The observed samples are modeled as y [n; ξ] = AG [n; θ] + w [n], where AG [n; θ] is the signal component and w [n] is zero-mean AWGN with variance σ n 2. In general, for a vector signal parameter estimated in the presence of AWGN, Equation (32) yields:

[ I ( ξ ) ] i j = 1 σ n 2 n = 0 N 1 s [ n ; ξ ] ξ i s [ n ; ξ ] ξ j

In Section 4.1, the signal model AG [n; ξ] considered is:

A G [ n ; θ ] = A D 1 + α 2 + 2 α cos ( γ [ n ] h )
where ξ = [AD, α, h]T is the unknown vector parameter.

Every element of the FIM, [I(ξ)]ij, is computed using a combination of the following partial derivatives of AG[n; θ]:

s [ n ; ξ ] A D = 1 A D A G [ n ; ξ ] s [ n ; ξ ] α = A D 2 ( α + cos ( γ [ n ] h ) ) A G [ n ; ξ ] s [ n ; ξ ] h = A D 2 α γ [ n ] sin ( γ [ n ] h ) A G [ n ; ξ ]

In this way, the FIM is defined as a symmetric 3 × 3 matrix as follows:

I ( ξ ) = 1 σ n 2 [ 1 A D 2 n = 0 N 1 A G 2 [ n ; ξ ] A D n = 0 N 1 ( α + cos ( γ [ n ] h ) ) A D α n = 0 N 1 γ [ n ] sin ( γ [ n ] h ) A D n = 0 N 1 ( α + cos ( γ [ n ] h ) ) A D 4 n = 0 N 1 [ ( α + cos ( γ [ n ] h ) ) A G [ n ; ξ ] ] 2 A D 4 α n = 0 N 1 γ [ n ] ( α + cos ( γ [ n ] h ) ) sin ( γ [ n ] h ) A G 2 [ n ; ξ ] A D α n = 0 N 1 γ [ n ] sin ( γ [ n ] h ) A D 4 α n = 0 N 1 γ [ n ] ( α + cos ( γ [ n ] h ) ) sin ( γ [ n ] h ) A G 2 [ n ; ξ ] A D 4 α 2 n = 0 N 1 [ γ [ n ] sin ( γ [ n ] h ) A G [ n ; ξ ] ] 2 ]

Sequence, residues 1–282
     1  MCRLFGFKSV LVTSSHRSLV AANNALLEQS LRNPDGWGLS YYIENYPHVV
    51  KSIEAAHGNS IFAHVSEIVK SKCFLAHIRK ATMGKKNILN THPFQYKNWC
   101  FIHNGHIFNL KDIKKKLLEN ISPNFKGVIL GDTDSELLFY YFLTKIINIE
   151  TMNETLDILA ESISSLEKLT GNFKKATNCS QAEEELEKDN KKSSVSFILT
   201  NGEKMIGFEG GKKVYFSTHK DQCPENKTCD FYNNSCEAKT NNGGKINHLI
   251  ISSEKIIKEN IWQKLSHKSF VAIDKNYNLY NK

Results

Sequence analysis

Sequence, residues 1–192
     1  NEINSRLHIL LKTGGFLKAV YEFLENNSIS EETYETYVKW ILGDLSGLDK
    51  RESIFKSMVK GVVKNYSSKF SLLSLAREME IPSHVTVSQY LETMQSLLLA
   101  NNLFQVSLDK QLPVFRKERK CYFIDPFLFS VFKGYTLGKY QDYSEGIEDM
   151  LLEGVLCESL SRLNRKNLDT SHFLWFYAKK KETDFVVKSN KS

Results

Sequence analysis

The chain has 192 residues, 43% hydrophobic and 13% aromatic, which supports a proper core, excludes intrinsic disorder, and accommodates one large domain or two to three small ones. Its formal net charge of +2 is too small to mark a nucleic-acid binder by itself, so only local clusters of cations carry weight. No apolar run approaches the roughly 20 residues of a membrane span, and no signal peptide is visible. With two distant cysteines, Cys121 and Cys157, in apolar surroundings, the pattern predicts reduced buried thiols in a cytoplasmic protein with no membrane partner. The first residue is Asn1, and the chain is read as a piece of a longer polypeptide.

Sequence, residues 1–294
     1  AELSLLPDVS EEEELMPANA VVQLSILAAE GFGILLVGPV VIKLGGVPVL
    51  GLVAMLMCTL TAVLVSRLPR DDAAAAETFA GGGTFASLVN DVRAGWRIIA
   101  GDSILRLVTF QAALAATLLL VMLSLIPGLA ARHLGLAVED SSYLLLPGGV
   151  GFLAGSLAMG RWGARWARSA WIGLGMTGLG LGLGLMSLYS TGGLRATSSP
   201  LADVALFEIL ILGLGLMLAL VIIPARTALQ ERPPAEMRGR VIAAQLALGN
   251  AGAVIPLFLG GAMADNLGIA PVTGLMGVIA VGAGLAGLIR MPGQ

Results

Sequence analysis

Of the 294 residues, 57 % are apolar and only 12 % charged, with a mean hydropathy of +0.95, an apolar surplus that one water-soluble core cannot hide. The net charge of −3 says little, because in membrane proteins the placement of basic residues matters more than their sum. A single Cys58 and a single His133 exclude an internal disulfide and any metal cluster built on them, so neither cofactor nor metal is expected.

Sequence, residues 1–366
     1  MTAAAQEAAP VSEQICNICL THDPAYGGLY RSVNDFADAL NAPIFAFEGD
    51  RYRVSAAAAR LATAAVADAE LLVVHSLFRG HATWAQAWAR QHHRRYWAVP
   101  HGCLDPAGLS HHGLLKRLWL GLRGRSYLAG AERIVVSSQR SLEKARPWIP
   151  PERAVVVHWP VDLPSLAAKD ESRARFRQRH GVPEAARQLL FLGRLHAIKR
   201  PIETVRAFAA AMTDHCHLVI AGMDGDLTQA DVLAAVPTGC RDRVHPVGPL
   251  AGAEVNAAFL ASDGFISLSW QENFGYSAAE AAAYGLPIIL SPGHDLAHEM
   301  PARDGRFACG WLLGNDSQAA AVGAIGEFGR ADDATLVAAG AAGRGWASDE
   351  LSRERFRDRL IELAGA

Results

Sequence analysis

Appendix 2: Experimental Framework Geometry Computation

Figure A1 shows the geometry of the experimental framework and defines two frames, (O,x,y,z) and (O,X,Y,Z), for the geometry computation. The plane (O,x,z) contains the car antenna A and the mast antenna B. The plane (O,X,Z) contains the mast antenna and the satellite in view.

The relation between both frames is:

{ X = x cos Δ θ A z + y sin Δ θ A z Y = x sin Δ θ A z + y cos Δ θ A z Z = z

The path difference a is defined with point H, which corresponds to the orthogonal projection of point A over BD, where BD is the line from the mast antenna to the satellite in view We thus have YH = 0, so yH = xH tan θel and X H = x H cos Δ θ A z.

Z H Z B X H X B = tan θ e l, with XB = 0 and ZB = h, implies that ZHh = XH tan θel and Z H = z H = x H tan θ e l cos Δ θ A z + h.

Figure A1. Geometry of the experimental framework.